When The Full-Time Commute is Over—Now What? An Open Conversation with Myself—Part 3 — It Sure Can Be Quiet — by Steve Harding

happy-solitude

Nothing rings. Nothing buzzes. No business calls. No work related e-mails. No invitations to speak. There are no texts, no tweets, no nothing.  Well, that’s not totally true.  You do have to count the ones from family, a few friends, and that core of current and former colleagues. Still, it is silent. My god people, you’re gone but not dead. You use to turn down work. You were always just too damn busy.  But wait, you forgot. You left all of that behind. Remember? You intentionally turned in your keys. It was anti-climatic. It always is.  But this time there was a sense of finality, an uneasy feeling of emptiness.

By comparison, you’ve already witnessed the exit of many of your counterparts: running for the door never to be seen or heard from again. You thought about it, but you’re not one of them. On the other hand, others left their employers but never really left. They were high profile then and they are high profile now. They’re now card carrying consultants, advisors or sitting on some board of directors. Surrounded by “Next-Gens,” these legends are easily spotted at the annual conference mixer. Still commanding the center of attention, you’re not one of them either.

Since you’ve traveled along multiple career paths, you’ve never really spent enough time in any of them to be considered a club member. You’ve not been taught the secret handshakes. That is a privilege granted to those with sequential tenure. You’re the contrarian. Your larger than average business card collection is a testament to your voluntary professional mobility. Your interests have always crisscrossed vocational and geographic boundaries. After all, you’re a “Jack of All Trades.” Yet contrary to the negative underpinnings of this age-old adage, you did master quite a few things. You’re not a mile wide and an inch deep or an inch wide and a mile deep. You’re some where in between.

From a myriad of venues and vantage points, you’ve heard the pontifications of doers and observers.  You’ve always been perplexed by those that expouse expertise in fields and locations outside their own personal perimeters.  It has been your experience that witnessing through intermittent engagement alone does not make one an expert; more knowledgable maybe, but not an expert.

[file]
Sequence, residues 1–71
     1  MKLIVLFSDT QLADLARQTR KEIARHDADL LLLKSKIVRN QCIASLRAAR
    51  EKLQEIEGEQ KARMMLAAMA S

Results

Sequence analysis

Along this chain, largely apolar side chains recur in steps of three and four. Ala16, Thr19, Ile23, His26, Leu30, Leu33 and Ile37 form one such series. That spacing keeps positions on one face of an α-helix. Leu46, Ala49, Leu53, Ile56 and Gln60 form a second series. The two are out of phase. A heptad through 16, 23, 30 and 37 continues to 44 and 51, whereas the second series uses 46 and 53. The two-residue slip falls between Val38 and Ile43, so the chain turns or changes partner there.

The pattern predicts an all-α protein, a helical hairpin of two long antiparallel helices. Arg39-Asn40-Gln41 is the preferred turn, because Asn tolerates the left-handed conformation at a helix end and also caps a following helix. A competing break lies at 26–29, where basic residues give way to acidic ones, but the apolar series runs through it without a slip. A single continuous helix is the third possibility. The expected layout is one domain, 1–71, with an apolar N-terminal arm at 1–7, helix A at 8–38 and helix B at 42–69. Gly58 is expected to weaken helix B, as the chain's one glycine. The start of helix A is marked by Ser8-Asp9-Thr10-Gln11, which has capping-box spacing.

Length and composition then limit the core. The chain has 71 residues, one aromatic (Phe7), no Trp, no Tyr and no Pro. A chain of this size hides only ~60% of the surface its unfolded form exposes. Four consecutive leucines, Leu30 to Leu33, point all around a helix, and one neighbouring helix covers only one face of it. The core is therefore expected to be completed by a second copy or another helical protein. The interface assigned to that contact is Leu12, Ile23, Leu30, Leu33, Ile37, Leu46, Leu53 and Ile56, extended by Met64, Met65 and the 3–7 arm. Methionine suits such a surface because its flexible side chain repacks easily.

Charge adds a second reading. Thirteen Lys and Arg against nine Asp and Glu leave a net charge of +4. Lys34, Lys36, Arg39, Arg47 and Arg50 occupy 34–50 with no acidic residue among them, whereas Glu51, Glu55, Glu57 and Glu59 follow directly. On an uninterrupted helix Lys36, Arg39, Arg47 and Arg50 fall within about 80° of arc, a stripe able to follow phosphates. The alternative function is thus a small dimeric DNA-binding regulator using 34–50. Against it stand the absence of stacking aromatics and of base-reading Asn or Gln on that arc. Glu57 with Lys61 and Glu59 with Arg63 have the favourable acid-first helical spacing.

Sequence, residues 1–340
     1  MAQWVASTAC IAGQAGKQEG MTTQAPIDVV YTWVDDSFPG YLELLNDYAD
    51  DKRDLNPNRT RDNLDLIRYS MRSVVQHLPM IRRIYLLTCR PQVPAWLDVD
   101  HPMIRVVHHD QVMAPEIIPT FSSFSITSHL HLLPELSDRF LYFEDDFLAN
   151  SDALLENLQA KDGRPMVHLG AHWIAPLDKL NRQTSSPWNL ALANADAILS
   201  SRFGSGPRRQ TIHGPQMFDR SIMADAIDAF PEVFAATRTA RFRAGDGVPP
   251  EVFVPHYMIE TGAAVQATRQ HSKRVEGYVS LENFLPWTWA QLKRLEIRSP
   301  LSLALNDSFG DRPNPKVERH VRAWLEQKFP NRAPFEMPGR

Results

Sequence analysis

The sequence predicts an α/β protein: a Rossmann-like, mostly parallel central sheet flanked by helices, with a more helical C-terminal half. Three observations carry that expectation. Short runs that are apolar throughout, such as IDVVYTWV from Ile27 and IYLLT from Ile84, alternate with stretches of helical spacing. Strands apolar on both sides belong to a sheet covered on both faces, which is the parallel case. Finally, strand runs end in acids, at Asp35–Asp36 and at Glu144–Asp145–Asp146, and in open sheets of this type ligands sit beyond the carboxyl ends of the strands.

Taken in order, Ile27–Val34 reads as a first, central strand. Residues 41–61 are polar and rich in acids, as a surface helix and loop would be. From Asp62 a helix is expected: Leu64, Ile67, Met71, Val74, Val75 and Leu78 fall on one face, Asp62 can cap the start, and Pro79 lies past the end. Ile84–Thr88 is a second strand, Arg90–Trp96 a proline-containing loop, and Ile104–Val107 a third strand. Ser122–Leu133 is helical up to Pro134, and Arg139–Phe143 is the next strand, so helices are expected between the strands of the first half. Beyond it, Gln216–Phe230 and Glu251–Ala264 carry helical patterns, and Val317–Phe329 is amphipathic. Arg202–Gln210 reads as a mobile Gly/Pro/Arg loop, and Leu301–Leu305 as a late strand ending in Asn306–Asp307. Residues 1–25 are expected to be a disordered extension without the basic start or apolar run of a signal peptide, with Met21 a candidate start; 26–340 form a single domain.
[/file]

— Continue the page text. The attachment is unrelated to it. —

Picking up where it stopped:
You’ve been in the trenches, shoulder to shoulder with the haves and have nots. You’ve rubbed elbows with those with positional power and those without. By sheer volume, your involvements would not nearly have been as plentiful had your travels been less nomadic. You have been provided a breadth and depth of experience not akin to one profession, one location, or within the confines of a single organizational chart. As a result of career retirement, many of your contemporaries are just now having some of these same experiences.  They are usually eager to share their new found epiphanies.  Since you’ve never had a single calling you have been collecting these pearls all along. Your vocational travels have not been so linear.

So at this point in life why does any of this matter? It’s all in the rearview mirror. Your current search for personal relevance won’t be found in the past or by wearing a conference “Speakers” name tag. No, it has to be somewhere else. Maybe you just need to relax, take a deep breath; meditate for God’s sake. Learn to enjoy the quiet. Just make sure you don’t succumb to your inner hermit. Appreciate how your advocation has become your vocation. You are a teacher, a mentor, and a writer. You are as curious as ever. Your war stories are asterisks, used to underline some greater concept.

So–there are still places to go, people to meet, and knowledge to be had.  Stacks of books and a growing list of podcasts await. By the way, don’t forget the analog stereo system with that 1,000 record collection to revisit. Awe yes–From Pavarotti to Zeppelin and a whole lot of players in between, your listening pleasure awaits. Ignore the clicks and pops. Put the needle on the vinyl. Crank up the Bose 901’s.

Steve Harding finished his full-time working world in 2014. During his 40 year career, his professional travels cut across higher education, the public, non-profit, and private sectors. Traversing over two-thirds of the state of California, he has served as a city manager, department director, corporate vice president, and president of a publicly held non-profit. Fifty-two courses and over a 1,000 students later, he continues to travel along his path as a student and teacher.

5 thoughts on “When The Full-Time Commute is Over—Now What? An Open Conversation with Myself—Part 3 — It Sure Can Be Quiet — by Steve Harding

  1. Hi Steve, I’m not retired (or even near), but have started to pull out some old vinyl records, in more or less part nostalgia, part reflection and part to remember why I bought it in some cases 50 years ago. It is also a piece of my quiet/me time

  2. Steve,

    What a great blog and so much I can relate to – being semi-retired myself and having a career so similar to yours. I am currently teaching 4 classes online – two in corporate strategy, one in cross-culture management, and one in policy analysis and will refer students to your blog. I do not do Facebook much anymore at all but will get on Messenger, send you my cell #, and arrange a time for me to meet you at Walters in Claremont. I hope all is well with you, Nancy, and the kids.

    Al

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